Canavan’s column - January 24, 2013

THUNDER AND LIGHTNING? It's just God moving furniture upstairs
THUNDER AND LIGHTNING? It's just God moving furniture upstairs
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Hoping Gran’s sayings live on

MY grandma died a couple of years ago, at the grand old age of 100.

Quite how she lasted that long we’ve no idea.

She had a bacon sandwich every day of her life and put so much salt on her meals it killed all slugs within a four-mile radius.

Of the many things I miss about my grandmother, her sayings are top of the pile.

This was hammered home the other day when I casually mentioned to Mrs Canavan that I’d known such and such a fella ‘since Adam was a lad’.

“Since Adam, who’s Adam?” she replied.

I had to explain that the phrase refers to Adam as in Adam and Eve, from that popular novel The Bible.

It is just a pithy little saying my grandma used all the time but I adore it.

And it got me thinking of the other things she used to utter, phrases that will presumably die out with the loss of the older generation (to be replaced, no doubt, with text speak like: ‘R u cumin out 2nite? *smiley face*’)

So in an effort to keep the old sayings alive, here are a few of my Gran’s favourites.

‘Ooo, she’s like a drink of water dressed up’ (a very thin person).

‘His knees are like knots of cotton (thin legs, knobbly knees)

‘Look at him, he’s 6 foot 2 and a clothes post’ (very tall)

‘There’s enough blue to make a sailor a pair of trousers (referring to the sky, meaning it will be turn out fine if there is)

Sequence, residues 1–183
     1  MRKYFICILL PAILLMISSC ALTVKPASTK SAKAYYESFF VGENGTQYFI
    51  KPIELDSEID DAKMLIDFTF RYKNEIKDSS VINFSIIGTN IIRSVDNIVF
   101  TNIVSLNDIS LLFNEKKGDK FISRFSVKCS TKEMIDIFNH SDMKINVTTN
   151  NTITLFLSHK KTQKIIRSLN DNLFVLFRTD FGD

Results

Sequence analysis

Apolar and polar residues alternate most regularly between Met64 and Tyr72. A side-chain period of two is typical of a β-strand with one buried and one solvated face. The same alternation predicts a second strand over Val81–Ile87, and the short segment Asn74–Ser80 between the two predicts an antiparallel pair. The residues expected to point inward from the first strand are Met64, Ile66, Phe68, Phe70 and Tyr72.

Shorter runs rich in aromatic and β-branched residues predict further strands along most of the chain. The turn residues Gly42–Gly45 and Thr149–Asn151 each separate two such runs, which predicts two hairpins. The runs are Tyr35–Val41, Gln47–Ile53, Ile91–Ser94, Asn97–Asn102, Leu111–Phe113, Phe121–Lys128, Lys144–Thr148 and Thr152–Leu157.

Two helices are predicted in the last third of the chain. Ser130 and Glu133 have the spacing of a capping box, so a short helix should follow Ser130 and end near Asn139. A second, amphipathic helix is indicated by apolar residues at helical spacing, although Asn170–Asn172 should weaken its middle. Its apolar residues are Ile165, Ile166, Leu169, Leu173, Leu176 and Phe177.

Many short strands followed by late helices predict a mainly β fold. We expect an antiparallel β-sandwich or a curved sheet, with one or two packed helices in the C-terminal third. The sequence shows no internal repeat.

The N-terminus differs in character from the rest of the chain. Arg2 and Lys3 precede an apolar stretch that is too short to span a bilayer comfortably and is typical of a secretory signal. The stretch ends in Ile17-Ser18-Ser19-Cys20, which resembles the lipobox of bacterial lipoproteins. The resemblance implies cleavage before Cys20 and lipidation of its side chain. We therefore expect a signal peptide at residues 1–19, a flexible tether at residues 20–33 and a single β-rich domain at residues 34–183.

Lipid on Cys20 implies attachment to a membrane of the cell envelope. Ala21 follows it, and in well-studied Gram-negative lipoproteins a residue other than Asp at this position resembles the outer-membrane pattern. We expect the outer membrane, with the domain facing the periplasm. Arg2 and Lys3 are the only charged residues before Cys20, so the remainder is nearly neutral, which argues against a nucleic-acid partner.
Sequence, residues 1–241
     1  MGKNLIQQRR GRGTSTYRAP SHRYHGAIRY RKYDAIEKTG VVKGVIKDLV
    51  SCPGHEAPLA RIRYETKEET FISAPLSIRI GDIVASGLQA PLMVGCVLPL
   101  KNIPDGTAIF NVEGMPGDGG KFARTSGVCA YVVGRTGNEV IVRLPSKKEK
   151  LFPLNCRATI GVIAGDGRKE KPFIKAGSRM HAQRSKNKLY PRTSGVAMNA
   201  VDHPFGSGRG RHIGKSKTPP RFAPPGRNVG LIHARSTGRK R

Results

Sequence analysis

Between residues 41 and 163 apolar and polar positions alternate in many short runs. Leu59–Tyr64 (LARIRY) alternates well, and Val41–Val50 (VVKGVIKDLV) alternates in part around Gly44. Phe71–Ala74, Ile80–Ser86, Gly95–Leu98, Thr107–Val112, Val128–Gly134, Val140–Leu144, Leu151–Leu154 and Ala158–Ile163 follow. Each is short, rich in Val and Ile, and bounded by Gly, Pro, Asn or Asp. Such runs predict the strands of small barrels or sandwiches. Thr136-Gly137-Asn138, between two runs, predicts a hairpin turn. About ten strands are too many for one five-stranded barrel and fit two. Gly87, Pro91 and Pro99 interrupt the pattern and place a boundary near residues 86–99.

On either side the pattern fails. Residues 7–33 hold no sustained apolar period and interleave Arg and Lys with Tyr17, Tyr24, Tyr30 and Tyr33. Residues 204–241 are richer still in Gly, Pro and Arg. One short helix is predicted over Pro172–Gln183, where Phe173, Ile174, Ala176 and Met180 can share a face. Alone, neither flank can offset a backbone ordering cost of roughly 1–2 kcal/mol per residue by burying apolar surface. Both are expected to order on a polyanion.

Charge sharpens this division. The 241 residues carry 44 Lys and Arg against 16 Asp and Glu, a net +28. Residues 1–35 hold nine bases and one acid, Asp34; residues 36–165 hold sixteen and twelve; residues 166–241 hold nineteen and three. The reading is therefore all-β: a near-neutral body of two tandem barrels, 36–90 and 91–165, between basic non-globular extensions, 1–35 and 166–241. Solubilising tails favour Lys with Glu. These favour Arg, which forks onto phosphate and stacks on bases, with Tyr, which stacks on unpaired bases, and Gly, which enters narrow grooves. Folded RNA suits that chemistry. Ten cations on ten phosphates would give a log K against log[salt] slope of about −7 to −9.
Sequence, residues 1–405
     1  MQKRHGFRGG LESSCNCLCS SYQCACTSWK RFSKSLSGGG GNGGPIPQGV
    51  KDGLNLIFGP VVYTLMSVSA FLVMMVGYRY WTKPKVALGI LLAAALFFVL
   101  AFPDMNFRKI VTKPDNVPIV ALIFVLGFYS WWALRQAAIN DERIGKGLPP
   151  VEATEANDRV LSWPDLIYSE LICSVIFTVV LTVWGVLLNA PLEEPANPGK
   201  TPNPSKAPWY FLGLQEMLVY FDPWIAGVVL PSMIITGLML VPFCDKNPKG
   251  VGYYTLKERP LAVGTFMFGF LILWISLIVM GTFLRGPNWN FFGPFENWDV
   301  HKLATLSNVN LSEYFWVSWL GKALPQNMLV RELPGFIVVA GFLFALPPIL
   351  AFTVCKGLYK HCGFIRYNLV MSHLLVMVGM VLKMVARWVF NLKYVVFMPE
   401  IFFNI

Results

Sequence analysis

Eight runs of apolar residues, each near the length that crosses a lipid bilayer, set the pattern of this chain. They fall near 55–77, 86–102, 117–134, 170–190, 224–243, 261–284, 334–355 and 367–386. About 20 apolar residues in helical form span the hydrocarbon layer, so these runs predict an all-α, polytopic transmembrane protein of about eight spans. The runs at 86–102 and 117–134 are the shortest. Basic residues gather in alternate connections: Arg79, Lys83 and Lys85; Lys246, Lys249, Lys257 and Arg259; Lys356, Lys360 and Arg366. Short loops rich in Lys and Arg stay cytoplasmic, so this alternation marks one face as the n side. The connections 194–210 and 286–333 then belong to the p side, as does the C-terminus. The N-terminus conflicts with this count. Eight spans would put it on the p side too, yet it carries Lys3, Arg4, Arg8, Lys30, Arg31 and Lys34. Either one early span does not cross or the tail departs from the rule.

‘We’ve yards of milk’ (lots of it)

‘Cold enough to freeze the balls off a brass monkey’ (it’s freezing outside)

‘It’s as plain as the nose on your face’

‘You’re a sandwich short of a picnic you are’ (normally uttered in my direction after I’d said something daft)

‘Standing there like cheese at four pence’ (meaning standing there with nothing to do. It originates from the poor mill towns of Lancashire: the normal price of cheese was two pence and nobody could afford the luxurious four pence stuff, so it was left on the shelf)

‘It’s God moving furniture upstairs’ (during a thunderstorm)

‘I’ve put my foot down with a firm hand’ (very assertive - a mix of putting your foot down and dealing with something with a firm hand))

‘All fur coat and no knickers’ (a seemingly elegant woman who’s really vulgar)

‘I’m as old as me tongue but older than me teeth’ (which my gran would say whenever she was asked for her age, considering the question rude).

‘All dolled up like a dog’s dinner’ (for a woman she considered over-dressed)

‘Face like sour milk’ (directed at someone she considered miserable)

So there you go, I miss my gran and those sayings.

One to leave you with, which she was fond of saying in the midst of a heated exchange, normally with my mum (her daughter) … ‘anyone who doesn’t think there are two sides to an argument is probably in one’.

Not much you can say to that is there?

* Anyone with any good sayings, and the story of where they come from, let me know at:

Sweeping statement unfair

PRINCE Harry seems a decent chap. Not too stuffy, one of the lads, better hair than his brother.

I don’t really get all the fuss about his comments that he has killed members of the Taliban in Afghanistan. He’s been serving in the army -– that’s what army people do.

However, call me biased but his pop at the media did annoy me.